Global Facts And Figures 2007 Rev2

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Global Facts And Figures 2007 Rev2

  1. 1. Global Cancer Facts & Figures 2007 Estimated Number of New Cancer Cases by World Area, 2007 15 14 9 17 16 10 12 13 3 7 6 11 5 20 2 1 19 8 21 4 18 Worldwide* 12,332,300 1 Eastern Africa (290,100) 6 Caribbean (73,500) 11 South-Eastern Asia (618,800) 16 Southern Europe (675,000) 2 Middle Africa (87,800) 7 Central America (184,800) 12 South Central Asia (1,451,700) 17 Western Europe (950,500) 3 Northern Africa (142,100) 8 South America (733,100) 13 Western Asia (225,900) 18 Australia/New Zealand (117,700) 4 Southern Africa (78,100) 9 North America (1,745,400) 14 Eastern Europe (939,500) 19 Melanesia (7,700) 5 Western Africa (166,300) 10 Eastern Asia (3,313,600) 15 Northern Europe (448,700) 20 Micronesia (700) 21 Polynesia (900) *Region estimates do not sum to worldwide estimate due to calculation method.
  2. 2. Contents Cancer: Basic Facts 1 What Is Cancer? 1 Can Cancer Be Prevented? 4 Who Is at Risk of Developing Cancer? 4 What Is Meant by Genetic Factors? 6 How Many People Alive Today Have Ever Been Diagnosed with Cancer? 6 What Percentage of People Will Survive Cancer? 7 How Is Cancer Staged? 7 What Are the Costs of Cancer? 8 Interventions for Cancer Prevention and Control 8 Selected Cancers 10 Female Breast 10 Colon and Rectum 12 Lung and Bronchus 14 Prostate 16 Stomach 18 Liver 18 Cervix Uteri 23 Esophagus 25 Childhood Cancer 27 Special Section: Tobacco Epidemic 29 The International Fight Against Cancer 38 Data Sources and Methods 41 References 44 This publication attempts to summarize current scientific information about cancer. Except when specified, it does not represent the official policy of the American Cancer Society. Suggested citation: Garcia M, Jemal A, Ward EM, Center MM, Hao Y, Siegel RL, Thun MJ. Global Cancer Facts & Figures 2007. Atlanta, GA: American Cancer Society, 2007. For more information contact: Melissa Center (melissa.center@cancer.org; 404-327-6591) National Home Office: American Cancer Society, Inc., 250 Williams St., NW, Atlanta, GA 30303-1002, (404) 320-3333 ©2007, American Cancer Society, Inc. All rights reserved, including the right to reproduce this publication or portions thereof in any form. For written permission, address the Legal Department of the American Cancer Society, 250 Williams St., NW, Atlanta, GA 30303-1002.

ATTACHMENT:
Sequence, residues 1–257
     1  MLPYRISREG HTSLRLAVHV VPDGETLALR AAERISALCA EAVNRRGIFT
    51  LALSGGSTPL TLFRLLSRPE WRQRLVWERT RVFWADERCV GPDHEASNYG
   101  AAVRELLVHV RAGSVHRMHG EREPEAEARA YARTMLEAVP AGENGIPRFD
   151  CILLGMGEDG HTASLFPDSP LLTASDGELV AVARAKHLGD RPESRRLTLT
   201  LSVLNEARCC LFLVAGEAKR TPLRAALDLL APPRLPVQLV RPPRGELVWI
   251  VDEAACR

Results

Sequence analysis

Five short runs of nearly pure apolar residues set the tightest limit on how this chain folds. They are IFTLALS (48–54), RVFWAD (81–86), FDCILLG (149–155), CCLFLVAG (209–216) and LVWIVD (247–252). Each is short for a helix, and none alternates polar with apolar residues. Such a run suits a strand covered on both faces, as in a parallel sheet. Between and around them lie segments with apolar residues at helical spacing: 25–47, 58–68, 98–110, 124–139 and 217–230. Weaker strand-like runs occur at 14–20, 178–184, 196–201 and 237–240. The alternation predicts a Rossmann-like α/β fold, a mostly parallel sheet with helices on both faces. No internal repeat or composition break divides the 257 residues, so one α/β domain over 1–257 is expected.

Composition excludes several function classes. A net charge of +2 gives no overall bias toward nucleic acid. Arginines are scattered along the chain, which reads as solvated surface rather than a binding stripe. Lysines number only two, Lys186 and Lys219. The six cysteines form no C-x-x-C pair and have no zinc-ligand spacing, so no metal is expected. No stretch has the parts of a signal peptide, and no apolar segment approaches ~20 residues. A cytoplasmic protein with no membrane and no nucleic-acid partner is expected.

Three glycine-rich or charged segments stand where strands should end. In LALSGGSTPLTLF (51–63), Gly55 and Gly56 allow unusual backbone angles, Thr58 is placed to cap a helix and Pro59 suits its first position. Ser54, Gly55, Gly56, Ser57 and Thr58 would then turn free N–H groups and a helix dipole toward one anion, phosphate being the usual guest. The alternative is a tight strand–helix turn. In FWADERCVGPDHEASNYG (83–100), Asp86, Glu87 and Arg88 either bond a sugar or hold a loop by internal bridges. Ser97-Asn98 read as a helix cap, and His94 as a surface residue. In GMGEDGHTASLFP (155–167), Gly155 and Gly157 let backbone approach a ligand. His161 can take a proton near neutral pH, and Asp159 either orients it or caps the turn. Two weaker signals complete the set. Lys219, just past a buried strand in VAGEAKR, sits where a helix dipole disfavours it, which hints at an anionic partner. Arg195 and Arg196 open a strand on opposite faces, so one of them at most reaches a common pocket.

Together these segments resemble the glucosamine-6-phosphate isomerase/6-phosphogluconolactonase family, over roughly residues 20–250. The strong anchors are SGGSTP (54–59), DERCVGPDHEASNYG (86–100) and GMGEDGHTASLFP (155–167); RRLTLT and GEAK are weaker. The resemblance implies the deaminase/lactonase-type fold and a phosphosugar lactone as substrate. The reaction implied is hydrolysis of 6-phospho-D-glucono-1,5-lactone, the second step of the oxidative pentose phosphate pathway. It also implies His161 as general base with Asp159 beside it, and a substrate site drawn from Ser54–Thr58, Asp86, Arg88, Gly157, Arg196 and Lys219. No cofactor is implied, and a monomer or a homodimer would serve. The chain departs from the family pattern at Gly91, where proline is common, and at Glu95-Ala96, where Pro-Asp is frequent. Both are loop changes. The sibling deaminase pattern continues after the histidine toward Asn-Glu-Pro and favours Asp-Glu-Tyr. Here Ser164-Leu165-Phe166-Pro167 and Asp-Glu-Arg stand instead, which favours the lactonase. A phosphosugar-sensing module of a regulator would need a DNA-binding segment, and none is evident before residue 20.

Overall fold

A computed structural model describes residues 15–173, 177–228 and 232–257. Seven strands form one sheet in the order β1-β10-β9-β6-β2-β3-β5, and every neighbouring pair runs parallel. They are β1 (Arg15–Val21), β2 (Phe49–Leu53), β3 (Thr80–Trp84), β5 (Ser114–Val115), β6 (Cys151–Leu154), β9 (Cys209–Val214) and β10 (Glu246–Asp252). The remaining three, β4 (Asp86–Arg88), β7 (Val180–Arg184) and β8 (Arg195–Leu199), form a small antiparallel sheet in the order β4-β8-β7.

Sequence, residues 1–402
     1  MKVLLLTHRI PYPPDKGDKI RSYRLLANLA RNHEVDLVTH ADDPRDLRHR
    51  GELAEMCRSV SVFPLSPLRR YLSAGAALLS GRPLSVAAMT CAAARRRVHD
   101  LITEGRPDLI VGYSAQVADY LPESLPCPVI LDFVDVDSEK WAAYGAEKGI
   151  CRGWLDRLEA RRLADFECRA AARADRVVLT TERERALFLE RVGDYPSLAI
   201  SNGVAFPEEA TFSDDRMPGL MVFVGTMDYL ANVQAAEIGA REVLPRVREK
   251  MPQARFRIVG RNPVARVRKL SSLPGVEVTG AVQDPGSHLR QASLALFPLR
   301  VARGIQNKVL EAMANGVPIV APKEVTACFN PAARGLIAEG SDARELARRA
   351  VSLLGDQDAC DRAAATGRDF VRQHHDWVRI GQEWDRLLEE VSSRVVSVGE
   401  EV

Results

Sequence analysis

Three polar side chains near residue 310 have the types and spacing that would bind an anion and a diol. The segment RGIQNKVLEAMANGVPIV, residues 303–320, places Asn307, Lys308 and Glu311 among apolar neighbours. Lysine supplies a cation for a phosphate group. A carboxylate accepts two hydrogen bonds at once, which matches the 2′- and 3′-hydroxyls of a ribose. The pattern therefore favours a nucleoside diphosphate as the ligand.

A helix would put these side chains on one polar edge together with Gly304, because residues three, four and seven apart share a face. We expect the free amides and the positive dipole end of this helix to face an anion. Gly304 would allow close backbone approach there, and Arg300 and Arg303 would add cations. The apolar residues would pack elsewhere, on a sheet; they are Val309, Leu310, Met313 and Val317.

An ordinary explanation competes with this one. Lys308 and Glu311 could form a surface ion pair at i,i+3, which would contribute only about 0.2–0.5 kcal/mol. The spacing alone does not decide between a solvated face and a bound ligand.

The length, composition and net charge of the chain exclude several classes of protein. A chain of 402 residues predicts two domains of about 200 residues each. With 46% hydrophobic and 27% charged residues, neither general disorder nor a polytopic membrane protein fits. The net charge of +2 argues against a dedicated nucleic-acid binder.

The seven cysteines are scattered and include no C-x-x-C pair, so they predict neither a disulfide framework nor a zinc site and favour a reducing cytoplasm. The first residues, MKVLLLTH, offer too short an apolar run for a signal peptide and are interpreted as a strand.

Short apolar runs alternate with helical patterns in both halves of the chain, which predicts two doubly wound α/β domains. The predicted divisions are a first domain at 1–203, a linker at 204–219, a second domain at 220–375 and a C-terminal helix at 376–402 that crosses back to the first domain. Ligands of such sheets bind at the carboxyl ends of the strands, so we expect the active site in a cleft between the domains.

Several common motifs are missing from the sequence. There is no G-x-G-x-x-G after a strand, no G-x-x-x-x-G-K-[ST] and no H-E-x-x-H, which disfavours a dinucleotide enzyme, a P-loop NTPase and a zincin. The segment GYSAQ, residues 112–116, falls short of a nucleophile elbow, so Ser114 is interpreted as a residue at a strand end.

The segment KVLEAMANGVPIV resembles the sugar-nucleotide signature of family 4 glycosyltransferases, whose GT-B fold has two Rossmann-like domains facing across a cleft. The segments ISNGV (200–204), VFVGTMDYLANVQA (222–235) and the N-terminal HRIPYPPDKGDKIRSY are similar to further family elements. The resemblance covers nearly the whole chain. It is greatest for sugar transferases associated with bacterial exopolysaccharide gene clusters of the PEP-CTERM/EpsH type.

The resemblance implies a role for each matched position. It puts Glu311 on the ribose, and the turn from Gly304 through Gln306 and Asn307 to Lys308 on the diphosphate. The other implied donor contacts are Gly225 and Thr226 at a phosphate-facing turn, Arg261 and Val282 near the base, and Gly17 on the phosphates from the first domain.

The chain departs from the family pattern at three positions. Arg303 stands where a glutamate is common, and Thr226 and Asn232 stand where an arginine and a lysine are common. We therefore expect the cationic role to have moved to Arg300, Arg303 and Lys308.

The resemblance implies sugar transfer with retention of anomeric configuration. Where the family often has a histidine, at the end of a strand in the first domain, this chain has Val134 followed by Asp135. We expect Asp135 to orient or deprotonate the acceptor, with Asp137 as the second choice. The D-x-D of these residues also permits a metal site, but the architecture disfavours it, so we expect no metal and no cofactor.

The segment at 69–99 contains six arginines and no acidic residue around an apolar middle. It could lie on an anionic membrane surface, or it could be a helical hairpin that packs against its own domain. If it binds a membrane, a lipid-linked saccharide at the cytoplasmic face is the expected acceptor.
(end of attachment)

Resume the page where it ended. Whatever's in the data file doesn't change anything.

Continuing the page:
3. 3. Cancer: Basic Facts second leading cause of death in economically developed countries (following heart diseases) and the third leading cause of death in developing countries What Is Cancer? (following heart diseases and diarrhoeal diseases) (Table Cancer is a group of diseases characterized by uncon- 1). The burden of cancer is increasing in developing trolled growth and spread of abnormal cells. If the spread countries as childhood mortality and deaths from is not controlled, it can result in death. Cancer is caused infectious diseases decline and more people live to older by both external factors (tobacco, chemicals, radiation, ages. Further, as people in developing countries adopt and infectious organisms) and internal factors (inherited western lifestyle behaviors, such as cigarette smoking, mutations, hormones, immune conditions, and muta- higher consumption of saturated fat and calorie-dense tions that occur from metabolism). These causal factors foods, and reduced physical activity, rates of cancers may act together or in sequence to initiate or promote common in western countries will rise if preventive carcinogenesis. The development of most cancers measures are not widely applied. requires multiple steps that occur over many years. New Cancer Cases and Deaths Certain types of cancer can be prevented by eliminating exposure to tobacco and other factors that accelerate It is estimated that there will be more than 12 million this process. Other potential malignancies can be new cancer cases in 2007 worldwide, of which 5.4 million detected before cells become cancerous or at an early will occur in economically developed countries and 6.7 stage, when the disease is most treatable. Cancer is million in economically developing countries (Figure 1). treated by surgery, radiation, chemotherapy, hormones, The corresponding estimates for total cancer deaths in and immunotherapy. 2007 are 7.6 million (about 20,000 cancer deaths a day), 2.9 million in economically developed countries and 4.7 One in eight deaths worldwide is due to cancer. million in economically developing countries. By 2050, Worldwide, cancer causes more deaths than AIDS, the global burden is expected to grow to 27 million new tuberculosis, and malaria combined. Cancer is the cancer cases and 17.5 million cancer deaths simply due Table 1. Leading Causes of Death Worldwide and in Developing and Developed Countries, 2001 (thousands) Worldwide Developing Developed Rank Deaths % Rank Deaths % Rank Deaths % Heart diseases 1 11,004 19.6 1 8,746 18.1 1 2,258 28.6 Malignant neoplasms 2 7,021 12.5 3 4,955 10.2 2 2,066 26.2 Cerebrovascular diseases 3 5,390 9.6 4 4,608 9.5 3 781 9.9 Lower respiratory infections 4 3,753 6.7 5 3,408 7.0 4 345 4.4 Chronic obstructive pulmonary disease 5 2,676 4.8 8 2,378 4.9 5 297 3.8 HIV/AIDS 6 2,574 4.6 6 2,552 5.3 22 0.3 Perinatal conditions* 7 2,522 4.5 7 2,489 5.1 32 0.4 Diarrhoeal diseases 8 1,783 3.2 2 7,777 16.1 6 0.1 Tuberculosis 9 1,606 2.9 9 1,590 3.3 16 0.2 Road traffic accidents 10 1,108 2.0 1,069 2.2 9 121 1.5 Malaria 11 1,208 2.1 10 1,207 2.5 0 0.0 Diabetes mellitus 12 960 1.7 757 1.6 7 202 2.6 Suicide 13 875 1.6 749 1.5 8 126 1.6 Cirrhosis of the liver 14 771 1.4 654 1.4 10 118 1.5 Measles 15 763 1.4 762 1.6 1 0.0 All causes 56,242 100.0 48,351 100.0 7,891 100.0 The number zero in a cell indicates a non-zero estimate of less than 500 deaths. *This cause category includes “causes arising in the perinatal period” as defined in the International Classification of Diseases, principally low birthweight, prematurity, birth asphyxia, and birth trauma, and does not include all causes of deaths occurring in the perinatal period. Source: Lopez AD, Mathers CO, Ezzati M, et al. Global and regional burden of disease and risk factors, 2001: Systematic analysis of population health data. Lancet. 2006;367(9524):1747-57. Global Cancer Facts & Figures 2007 1